The Royal Australian College of General Practitioners (RACGP) has issued a reminder that any Medicare reforms must maintain GP stewardship of patient care, which has been shown to promote patient health and welfare.
This warning follows press releases that the Albanese Government is drafting a plan to extend primary care delivery to other health professionals, with a new funding model that supports nurses and allied health professionals working in teams to deliver complex care.
The RACGP has now released a new strategy for governments to deal with the present health crisis, including immediate action to stop the bleeding and long-term reform that assures the future of GP care for all Australians. The strategies are:
To improve access to care, increasing Medicare rebates for longer, more complex consultations by 20% will be followed as well as funding enhanced primary care services for patients over 65, those with mental health conditions, and those with disabilities. Additionally, paying for patients to see their GP after an unexpected hospital stay.
To address the GP workforce shortage, fast-tracking international doctors' admission, reinstating the training grant, encouraging junior doctors to do an internship in general practice, and introducing payroll tax exemption for independent tenant GPs shall be considered.
Long-term reforms based on the RACGP Vision to strengthen the role of general practitioners as the guardians of patient care in multidisciplinary teams, with considerable investment to improve the health of Australians and cut costs for pricy hospital care.
According to Dr. Nicole Higgins, RACGP president, GP management of patient care in the community must be at the heart of any long-term improvements. She also said that the issue is that years of neglect and underfunding have made it increasingly difficult and expensive to consult a general practitioner, which has led to the crisis in the country's hospital system, with queues exploding and ambulances ratcheting up.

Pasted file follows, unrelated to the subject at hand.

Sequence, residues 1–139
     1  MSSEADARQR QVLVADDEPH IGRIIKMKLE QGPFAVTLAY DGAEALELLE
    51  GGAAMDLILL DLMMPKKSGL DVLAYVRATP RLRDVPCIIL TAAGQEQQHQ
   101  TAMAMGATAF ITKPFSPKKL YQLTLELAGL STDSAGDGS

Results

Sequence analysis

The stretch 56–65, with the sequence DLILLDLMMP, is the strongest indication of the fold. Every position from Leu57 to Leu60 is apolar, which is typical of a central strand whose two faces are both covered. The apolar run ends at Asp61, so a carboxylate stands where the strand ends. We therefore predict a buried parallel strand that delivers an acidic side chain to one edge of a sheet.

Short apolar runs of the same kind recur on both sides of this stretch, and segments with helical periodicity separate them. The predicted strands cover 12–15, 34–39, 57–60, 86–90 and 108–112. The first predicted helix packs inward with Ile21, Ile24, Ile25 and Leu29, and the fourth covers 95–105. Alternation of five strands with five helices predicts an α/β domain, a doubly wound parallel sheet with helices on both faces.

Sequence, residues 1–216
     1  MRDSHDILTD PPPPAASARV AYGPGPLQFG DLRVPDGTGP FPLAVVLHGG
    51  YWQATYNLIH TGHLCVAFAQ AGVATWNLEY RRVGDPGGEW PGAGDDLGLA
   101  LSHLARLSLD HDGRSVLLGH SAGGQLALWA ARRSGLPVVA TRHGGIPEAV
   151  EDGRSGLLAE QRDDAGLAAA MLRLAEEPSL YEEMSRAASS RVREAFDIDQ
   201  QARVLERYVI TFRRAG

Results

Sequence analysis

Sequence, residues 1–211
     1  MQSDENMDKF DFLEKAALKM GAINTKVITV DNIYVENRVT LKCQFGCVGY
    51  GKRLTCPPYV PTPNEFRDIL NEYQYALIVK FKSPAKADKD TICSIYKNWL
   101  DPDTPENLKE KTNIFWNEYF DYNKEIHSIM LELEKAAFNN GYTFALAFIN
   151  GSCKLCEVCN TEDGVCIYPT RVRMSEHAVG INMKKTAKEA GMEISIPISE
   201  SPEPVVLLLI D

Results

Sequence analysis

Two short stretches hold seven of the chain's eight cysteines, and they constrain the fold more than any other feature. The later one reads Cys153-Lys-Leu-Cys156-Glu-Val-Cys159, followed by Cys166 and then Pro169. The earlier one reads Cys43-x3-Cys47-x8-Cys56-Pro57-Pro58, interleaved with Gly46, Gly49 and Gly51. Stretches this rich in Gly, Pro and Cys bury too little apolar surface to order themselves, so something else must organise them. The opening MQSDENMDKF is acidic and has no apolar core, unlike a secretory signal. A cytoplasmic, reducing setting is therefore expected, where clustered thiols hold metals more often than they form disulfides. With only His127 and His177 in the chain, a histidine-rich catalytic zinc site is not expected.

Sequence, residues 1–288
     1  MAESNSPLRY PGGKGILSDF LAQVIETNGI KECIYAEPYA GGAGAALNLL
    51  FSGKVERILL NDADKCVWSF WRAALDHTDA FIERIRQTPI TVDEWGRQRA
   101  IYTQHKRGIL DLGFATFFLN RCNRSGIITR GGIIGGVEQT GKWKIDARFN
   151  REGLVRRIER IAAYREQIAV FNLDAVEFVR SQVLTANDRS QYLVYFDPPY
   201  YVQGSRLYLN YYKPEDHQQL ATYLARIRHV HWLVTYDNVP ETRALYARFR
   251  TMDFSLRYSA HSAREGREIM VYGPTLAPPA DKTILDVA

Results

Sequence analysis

The Start of WA Registrars’ Career as Rural Generalists
Last January 20, 2022, in Perth, registrars in the Australian College of Rural and Remote Medicine (ACRRM) Fellowship program joined together to take the first step toward becoming rural generalists.
Subsequently, the four-year specialty training program's education phase has begun, and the College is pleased to welcome recent medical graduates. Additionally, the first group of government-funded Australian General Practice Training (AGPT) registrars transitioning to College-led Training on February 1, 2023, was also a part of the orientation program, along with those training on the College's own Independent Pathway and Rural Generalist Training Scheme programs.
According to Dr. Dan Halliday, the ACRRM President, the new registrars will have the chance to become bonafide rural physicians through this ACRRM-led program, and they will be able to significantly contribute to the advancement of healthcare in Western Australia's rural and remote regions.